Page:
UNITED STATES—Overheard in a café: a plump happy lady chirping, “There is nothing more wonderful than a toasted bagel slathered with cream cheese.” This is blasphemy to those of us low-carb folks who embrace fresh, easily digested foods that aid in maintaining svelte bodies and yet 1/4 of the lady has a point. The wonderfulness of a bagel with cream cheese is largely due to the rich interplay of textures, which is a vital but underrated dimension of eating.

The senses are spellbound when the rough surface of a hard browned crispy bagel, yields to the teeth, and meets the smooth thickness of Philadelphiacream cheese. The glowing orange toaster element transmutes the mushy spinelessness of bread through the alchemy of heat into another thing altogether, akin to the transformation from grape into raisin; it crisps it, it crushes to the bite and rubs against the gums, as toast turns to crumbs, and grainy toasted surfaces thrill the tongue and dissolve into memory.

Consider all the textures and the moods conveyed: crispy, chewy, crunchy, smooth as jello, slippery as an eel, rough, spongy, hard, stringy, thick, watery, lumpy, effervescent, greasy, pasty, gooey, powdery, flaky and grainy. Surely caviar owes its cachet so much to the smooth gel-cap exterior bursting between the teeth, the oily juice squirting from the fish egg. A similar sensual experience is provided by caviar’s bumpkin cousin, the more widely enjoyed corn on the cob. And there is nature’s infinite geode: the pomegranate with its burst of juice and seedy sediment. On the unnatural side, the myriad textures of an ice-cream cone set off all the pleasure centers, offering the chance to lick and chew and even drink (when it melts). And the coldness of ice-cream makes caramel extra chewy and walnuts crisp.

Our zip-locked culture diminishes certain unseemly pleasures of texture. Who can compare the joys of a chewy old raisin to one fresh out of the box or a dromedary date that’s been in the cabinet for 10 years? This is the chewy crotchety zone of dried fruits that represents uniquely tough textures. Apples, for example, can by enjoyed, dried, baked and fresh, as well as in sauce or juice. We humans seem to have taken the apple, of all fruits, to the farthest reaches of texture.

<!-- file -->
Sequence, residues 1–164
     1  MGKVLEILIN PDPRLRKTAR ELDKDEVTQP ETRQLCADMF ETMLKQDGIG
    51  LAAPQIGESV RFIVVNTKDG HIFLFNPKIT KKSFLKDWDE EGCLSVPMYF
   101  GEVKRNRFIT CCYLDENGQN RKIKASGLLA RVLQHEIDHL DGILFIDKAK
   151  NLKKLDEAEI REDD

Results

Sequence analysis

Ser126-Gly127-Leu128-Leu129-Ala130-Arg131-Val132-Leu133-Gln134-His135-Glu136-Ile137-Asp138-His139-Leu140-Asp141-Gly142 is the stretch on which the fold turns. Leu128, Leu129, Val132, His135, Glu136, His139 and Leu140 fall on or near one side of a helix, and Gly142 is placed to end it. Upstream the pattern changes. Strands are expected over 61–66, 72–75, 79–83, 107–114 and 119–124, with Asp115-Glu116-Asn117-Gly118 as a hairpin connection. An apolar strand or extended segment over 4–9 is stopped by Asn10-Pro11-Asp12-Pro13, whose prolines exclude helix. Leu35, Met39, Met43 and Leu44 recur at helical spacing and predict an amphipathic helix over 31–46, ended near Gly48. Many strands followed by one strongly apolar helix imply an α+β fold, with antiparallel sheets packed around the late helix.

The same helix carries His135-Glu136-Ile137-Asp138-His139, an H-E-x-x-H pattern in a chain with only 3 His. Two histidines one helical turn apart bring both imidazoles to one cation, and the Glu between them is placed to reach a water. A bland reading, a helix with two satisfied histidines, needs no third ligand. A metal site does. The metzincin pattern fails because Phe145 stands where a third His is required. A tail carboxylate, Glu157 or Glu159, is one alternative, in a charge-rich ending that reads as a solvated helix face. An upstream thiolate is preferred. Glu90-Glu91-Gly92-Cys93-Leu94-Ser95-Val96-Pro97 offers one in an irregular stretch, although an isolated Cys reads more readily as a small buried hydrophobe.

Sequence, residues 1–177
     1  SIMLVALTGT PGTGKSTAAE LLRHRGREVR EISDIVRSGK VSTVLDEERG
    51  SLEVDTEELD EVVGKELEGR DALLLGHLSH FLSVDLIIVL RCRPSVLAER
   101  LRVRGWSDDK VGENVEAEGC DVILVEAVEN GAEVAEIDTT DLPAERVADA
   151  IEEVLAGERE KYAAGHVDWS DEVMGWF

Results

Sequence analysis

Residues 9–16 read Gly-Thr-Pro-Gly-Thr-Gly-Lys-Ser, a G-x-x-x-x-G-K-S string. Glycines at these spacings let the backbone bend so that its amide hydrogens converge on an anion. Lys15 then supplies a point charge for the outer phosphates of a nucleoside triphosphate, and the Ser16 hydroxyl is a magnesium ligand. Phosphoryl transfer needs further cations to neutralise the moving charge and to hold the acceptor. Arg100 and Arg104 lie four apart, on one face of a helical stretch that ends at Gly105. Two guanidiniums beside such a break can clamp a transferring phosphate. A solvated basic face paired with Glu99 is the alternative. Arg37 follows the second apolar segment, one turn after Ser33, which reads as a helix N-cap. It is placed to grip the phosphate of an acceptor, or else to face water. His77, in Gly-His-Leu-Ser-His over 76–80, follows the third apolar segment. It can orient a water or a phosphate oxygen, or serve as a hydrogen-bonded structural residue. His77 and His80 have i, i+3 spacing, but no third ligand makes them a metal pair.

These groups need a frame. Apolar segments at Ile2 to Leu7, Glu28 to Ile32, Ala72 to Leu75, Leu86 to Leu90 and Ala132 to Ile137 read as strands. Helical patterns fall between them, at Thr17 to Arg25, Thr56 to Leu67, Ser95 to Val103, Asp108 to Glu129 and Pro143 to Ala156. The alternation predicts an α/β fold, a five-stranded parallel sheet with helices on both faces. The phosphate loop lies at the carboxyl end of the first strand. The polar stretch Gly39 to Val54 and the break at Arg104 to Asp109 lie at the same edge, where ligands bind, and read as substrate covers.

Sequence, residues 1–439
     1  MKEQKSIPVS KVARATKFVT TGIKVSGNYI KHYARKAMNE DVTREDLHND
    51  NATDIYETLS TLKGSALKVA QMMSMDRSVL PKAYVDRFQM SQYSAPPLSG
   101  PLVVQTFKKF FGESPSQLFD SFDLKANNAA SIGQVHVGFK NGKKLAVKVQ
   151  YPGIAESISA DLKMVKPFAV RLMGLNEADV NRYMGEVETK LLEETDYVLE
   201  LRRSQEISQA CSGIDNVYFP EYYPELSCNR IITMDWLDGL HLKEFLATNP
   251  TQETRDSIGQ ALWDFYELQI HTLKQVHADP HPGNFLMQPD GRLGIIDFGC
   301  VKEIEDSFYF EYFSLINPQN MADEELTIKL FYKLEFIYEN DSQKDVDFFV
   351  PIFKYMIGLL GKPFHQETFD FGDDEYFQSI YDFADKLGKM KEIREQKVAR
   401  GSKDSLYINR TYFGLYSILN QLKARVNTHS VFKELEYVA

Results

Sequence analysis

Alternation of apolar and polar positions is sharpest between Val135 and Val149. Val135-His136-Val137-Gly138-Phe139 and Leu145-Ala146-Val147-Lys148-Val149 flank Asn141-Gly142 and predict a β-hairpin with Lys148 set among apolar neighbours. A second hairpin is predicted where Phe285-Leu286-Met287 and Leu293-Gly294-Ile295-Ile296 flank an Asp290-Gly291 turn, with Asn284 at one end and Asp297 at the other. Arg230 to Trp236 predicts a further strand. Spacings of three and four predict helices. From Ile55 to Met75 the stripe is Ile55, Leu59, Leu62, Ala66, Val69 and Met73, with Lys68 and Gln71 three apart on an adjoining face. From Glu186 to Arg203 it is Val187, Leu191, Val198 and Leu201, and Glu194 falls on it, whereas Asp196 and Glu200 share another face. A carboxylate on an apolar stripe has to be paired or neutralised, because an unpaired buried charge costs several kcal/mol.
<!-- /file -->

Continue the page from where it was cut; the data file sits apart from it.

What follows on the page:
The potato is not far behind, from potato salad to hashed browns. The amazing egg can transform into smooth chewy nuggets of scrambled eggs, or the jello-ey firmness of hard-boiled concealing nougat of firm yolk. And then there’s the fried egg in a textural class by itself.

My gosh the rational health-minded foodist and the dishwasher alike are quick to embrace the practicality of a nonstick pan which produces bland eggs with no need for cooking oil. Nutritionists may argue till the sun goes down the health virtues and vices of different cooking oils, but above and beyond those quibbles, the realm of texture vindicates cooking oil. It makes possible the crispiness on the bottom of the fried egg. What’s more, the yellow on top contains a watery thickness that runs out when pierced by the tines of a fork. All these contrasting surfaces contained in a fried egg—crispy to runny—delight the senses.

Texture is a prime feature behind meat’s lasting appeal. The cost factor and its environmental impact (you contribute more to the planet’s wellbeing by renouncing meat than by driving a hybrid) are laid waste by texture. Burnt to a crisp on a grill or boiled: meat can be chewy, gristly, tender, running the gamut from gooey oysters to tough beef jerky, from hamburger burnt black to raw steak tartare.

As we seek a better way to eat and aid fitness by what we choose to put in our mouths, let’s remember the value of texture and its pleasures. Experiment with healthier options to orchestrate texture to its full-bodied magnitude – so the lady who is smitten by a bagel and cream cheese may be just as happy with a slice of toast with creamy avocado spread on top. That is a challenge for the future of eating: to find ways to embrace the joys of texture while encompassing the lasting fitness and good energy we seek.

Hollywood humorist Grady Miller is the author of “Lighten Up Now: The Grady Diet,” available on Amazon. He can be reached at grady.miller@canyon-news.com.

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Hollywood humorist Grady grew up in the heart of Steinbeck Country on the Central California coast. More Bombeck than Steinbeck, Grady Miller has been compared to T.C. Boyle, Joel Stein, and Voltaire. He briefly attended Columbia University in New York and came to Los Angeles to study filmmaking, but discovered literature instead, in T.C. Boyle’s fiction writing workshop at USC. In addition to A Very Grady Christmas, he has written the humorous diet book, Lighten Up Now: The Grady Diet and the popular humor collection, Late Bloomer (both on Amazon) and its follow-up, Later Bloomer: Tales from Darkest Hollywood. (https://amzn.to/3bGBLB8) His humor column, Miller Time, appears weekly in The Canyon News (www.canyon-news.com)